Petty Web Aggravations

As you might imagine, I spend a bit of time on the Internet. Okay, a lot of time. Entirely too much time. But it’s so interesting! And full of wonderful people (and a few jerks, but what can you do?). At least once a day, I look something up on here, or I hear about a nifty/distressing opinion/ or a funny video, and off I go. So here are some things that irritate me when I’m poking about the web.

1). “Would you like to fill out a survey?” No, I wouldn’t. And I wouldn’t like to fill one out on the next page I look at. Or the one after that. And if I order something, I don’t want to “Tell other people what you think about the Widget you just ordered.” First of all, maybe I don’t want the world knowing that I purchased that particular widget (and Amazon’s “post on social media what you just bought” fills me with irritation). Second, I’m not being paid to review all of this stuff, nor do I want to. Third, as far as I’m concerned, our relationship is over after my credit card payment clears and I have my thingie-mabober. When I buy a bag of chips at the dollar store, I don’t want the cashier showing up at my door with a clipboard.

2. I don’t want an ad overlay blocking the screen. I don’t want it graying out the text I actually came here to read. I don’t want some cutesy commercial doohicky following me as I read. And do not, EVER, have an ad that I can’t close. It’s possible that I will write down the name of the product and spend the rest of my life telling everyone I know about how terrible your product is. I may dedicate the rest of my life to destroying your entire company through word of mouth. Or not. But you don’t know, do you?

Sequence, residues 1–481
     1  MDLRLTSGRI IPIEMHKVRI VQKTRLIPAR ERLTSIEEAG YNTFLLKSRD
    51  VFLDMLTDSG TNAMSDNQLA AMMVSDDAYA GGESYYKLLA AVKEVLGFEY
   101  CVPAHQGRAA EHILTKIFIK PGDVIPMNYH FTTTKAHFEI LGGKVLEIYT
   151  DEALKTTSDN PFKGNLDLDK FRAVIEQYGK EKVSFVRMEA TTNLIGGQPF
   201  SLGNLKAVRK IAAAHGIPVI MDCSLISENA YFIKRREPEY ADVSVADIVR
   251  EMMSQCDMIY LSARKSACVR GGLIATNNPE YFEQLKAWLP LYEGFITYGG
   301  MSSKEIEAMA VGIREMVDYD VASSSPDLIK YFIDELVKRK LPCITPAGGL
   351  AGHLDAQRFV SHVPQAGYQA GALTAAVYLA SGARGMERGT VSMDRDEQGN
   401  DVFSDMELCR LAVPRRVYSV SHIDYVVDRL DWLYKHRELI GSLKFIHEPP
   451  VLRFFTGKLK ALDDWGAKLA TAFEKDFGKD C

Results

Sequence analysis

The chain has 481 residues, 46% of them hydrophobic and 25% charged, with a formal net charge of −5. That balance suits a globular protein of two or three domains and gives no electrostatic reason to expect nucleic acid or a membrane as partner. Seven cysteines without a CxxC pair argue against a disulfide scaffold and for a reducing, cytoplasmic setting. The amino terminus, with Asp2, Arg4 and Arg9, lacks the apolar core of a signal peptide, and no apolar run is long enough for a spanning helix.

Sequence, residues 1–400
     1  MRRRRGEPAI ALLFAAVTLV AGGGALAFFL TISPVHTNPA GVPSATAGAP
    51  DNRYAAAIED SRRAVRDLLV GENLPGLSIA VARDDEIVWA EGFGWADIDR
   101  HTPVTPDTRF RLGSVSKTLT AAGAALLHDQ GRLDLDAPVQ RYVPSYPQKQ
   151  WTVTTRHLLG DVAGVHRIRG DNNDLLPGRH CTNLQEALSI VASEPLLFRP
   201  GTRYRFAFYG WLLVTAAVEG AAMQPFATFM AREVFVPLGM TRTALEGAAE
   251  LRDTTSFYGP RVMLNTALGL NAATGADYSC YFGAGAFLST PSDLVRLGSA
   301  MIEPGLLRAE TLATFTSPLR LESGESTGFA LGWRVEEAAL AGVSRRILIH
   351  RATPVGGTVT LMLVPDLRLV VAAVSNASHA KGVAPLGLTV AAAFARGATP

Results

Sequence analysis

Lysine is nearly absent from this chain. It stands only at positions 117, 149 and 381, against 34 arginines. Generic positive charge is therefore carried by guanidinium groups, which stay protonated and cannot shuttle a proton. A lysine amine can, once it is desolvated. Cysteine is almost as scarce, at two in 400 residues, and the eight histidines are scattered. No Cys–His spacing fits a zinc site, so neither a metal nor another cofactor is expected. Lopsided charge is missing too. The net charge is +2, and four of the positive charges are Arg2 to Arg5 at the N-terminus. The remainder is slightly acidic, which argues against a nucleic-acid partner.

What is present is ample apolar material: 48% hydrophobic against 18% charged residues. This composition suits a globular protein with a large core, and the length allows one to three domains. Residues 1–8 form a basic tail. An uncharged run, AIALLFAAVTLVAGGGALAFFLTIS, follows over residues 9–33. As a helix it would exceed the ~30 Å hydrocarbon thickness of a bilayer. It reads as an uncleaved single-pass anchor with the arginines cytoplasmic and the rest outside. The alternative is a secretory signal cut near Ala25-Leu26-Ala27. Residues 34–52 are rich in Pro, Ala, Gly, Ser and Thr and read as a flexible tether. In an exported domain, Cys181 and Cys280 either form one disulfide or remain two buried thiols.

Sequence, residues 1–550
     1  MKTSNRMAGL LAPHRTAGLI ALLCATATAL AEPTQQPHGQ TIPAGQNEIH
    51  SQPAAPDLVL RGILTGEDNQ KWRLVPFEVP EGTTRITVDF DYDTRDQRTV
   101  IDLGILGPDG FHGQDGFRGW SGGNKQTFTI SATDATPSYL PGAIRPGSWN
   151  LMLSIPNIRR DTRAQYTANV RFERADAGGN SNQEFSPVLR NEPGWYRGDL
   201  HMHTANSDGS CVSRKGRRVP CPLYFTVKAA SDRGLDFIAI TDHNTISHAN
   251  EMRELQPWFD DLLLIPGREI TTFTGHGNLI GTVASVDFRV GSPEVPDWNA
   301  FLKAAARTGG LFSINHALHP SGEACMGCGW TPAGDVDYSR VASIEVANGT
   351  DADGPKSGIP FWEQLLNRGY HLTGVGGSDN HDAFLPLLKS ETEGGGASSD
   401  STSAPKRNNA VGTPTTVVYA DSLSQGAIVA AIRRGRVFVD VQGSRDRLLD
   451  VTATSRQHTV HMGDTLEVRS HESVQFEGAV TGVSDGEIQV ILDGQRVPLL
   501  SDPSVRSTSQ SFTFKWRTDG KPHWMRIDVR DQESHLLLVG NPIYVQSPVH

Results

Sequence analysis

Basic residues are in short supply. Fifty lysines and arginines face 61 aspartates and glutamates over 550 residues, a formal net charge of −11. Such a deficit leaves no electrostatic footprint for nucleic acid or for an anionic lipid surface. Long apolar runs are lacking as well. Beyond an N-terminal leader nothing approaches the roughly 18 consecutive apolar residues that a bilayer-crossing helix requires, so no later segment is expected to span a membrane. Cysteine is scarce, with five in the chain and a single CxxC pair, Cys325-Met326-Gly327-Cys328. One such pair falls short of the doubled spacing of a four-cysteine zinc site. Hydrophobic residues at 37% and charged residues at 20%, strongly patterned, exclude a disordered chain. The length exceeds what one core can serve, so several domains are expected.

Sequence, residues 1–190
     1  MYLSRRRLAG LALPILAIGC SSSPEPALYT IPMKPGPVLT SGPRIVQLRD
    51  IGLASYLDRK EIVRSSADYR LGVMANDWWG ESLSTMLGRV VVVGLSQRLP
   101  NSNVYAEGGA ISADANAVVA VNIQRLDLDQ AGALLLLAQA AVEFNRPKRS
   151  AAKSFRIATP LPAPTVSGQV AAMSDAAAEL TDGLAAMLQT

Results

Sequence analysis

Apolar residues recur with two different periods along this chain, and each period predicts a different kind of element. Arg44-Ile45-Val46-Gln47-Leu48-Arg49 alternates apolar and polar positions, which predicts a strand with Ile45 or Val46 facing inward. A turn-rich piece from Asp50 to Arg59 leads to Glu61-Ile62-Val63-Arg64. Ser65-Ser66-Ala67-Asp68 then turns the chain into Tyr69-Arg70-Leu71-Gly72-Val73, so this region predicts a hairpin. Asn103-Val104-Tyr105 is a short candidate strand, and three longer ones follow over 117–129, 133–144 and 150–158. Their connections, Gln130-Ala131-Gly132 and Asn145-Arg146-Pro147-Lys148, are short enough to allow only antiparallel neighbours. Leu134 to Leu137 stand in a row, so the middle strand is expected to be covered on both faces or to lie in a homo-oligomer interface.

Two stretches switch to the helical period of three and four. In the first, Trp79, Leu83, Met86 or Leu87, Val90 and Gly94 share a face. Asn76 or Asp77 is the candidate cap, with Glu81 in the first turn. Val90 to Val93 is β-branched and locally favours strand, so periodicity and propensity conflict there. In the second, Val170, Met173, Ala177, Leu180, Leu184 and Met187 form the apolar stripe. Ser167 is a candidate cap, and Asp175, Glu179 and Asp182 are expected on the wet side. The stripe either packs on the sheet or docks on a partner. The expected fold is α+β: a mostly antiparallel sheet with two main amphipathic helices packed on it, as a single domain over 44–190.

3. “Click this button for the next page!” I realize that you are running on ad revenue. I even realize that more clicks = better page views = more money. But to see everything as a “load a whole new page” slideshow will make me leave your site and never come back, no matter how many cute bunnies or tips for better living you have (I prefer the bunnies, by the way). No more than two clicks per story/ feature. I’m warning you. I hold grudges.

4. (This applies to social media and, for some reason, my email). Automatically displaying that I’m online so that people can “chat.” I don’t care how much I like or love someone, I don’t want to be available to chat with them every time I log into something. Maybe I just want to check the shipping date of the widget I just ordered. Maybe I want to concentrate on the thing I’m doing. Maybe I just don’t want to chat. Let ME decide whether or not I want to do that. Don’t assume!

5. “Would you like to subscribe to our newsletter, site, email advertising, spam?” No. “Are you sure? We really like you!” You don’t know me. I could be a terrible person. “We’re sure you’re great. Subscribe?” No! “But we’re lonely!” I’m not. Leave me alone. “But what if you change your mind?” Then, unlikely as that would be, I’d come back and click the button. Sheesh.

6. Alternatively… WordPress has this follow/like system. It works wonderfully well when I find a site/voice that I would indeed like to subscribe to. Until it doesn’t. Where is the follow button? Is it at the top? The bottom of this post? Near the bottom or top? Why is there no like button? I liked this thing, and I think the creator should get some feedback. Hello?